Michael Putegnat grew up on the border in far south Texas in the 1950's and 60's and returned there after college to continue a family tradition in business and started a computer enterprise.  His election to a local college governing board in the 1980's was a perspective jarring event and led him deep into a conflict pitting radical change against old traditions and power. In a quest to understand how people choose to govern themselves, he studied public policy and administration at the Kennedy School, Harvard University in 1993 and 94. Following, he launched a consultancy for business, government, and non-profits interested in structural change.  He is presently an executive with The University of Texas System Administration.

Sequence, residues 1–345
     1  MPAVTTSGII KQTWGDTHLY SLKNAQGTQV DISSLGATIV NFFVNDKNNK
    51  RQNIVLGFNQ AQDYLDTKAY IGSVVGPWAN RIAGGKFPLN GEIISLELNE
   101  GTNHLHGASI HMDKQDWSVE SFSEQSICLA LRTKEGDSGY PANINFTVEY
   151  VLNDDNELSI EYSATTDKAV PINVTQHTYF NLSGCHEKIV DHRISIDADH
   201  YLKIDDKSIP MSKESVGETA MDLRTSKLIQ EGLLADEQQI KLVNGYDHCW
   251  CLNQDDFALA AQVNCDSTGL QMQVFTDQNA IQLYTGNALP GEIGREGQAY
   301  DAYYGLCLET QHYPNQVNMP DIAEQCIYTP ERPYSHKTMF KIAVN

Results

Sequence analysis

While it had been a life-long ambition, he wrote his first novel, LAGUNA, in 2005.  He is presently working on his second novel and a non-fiction on reasoning errors.  He is interested in how and why people organize themselves and why so many efforts fail.  He has chosen the story as the medium for his exploration of these themes, partly because it provides greater subtlety and texture to the complexity humans bring to everything they do, and partly because he has long been a fan of Sir Arthur Conan Doyle, Patrick O'Brien, Charles Dickens, and Agatha Christie.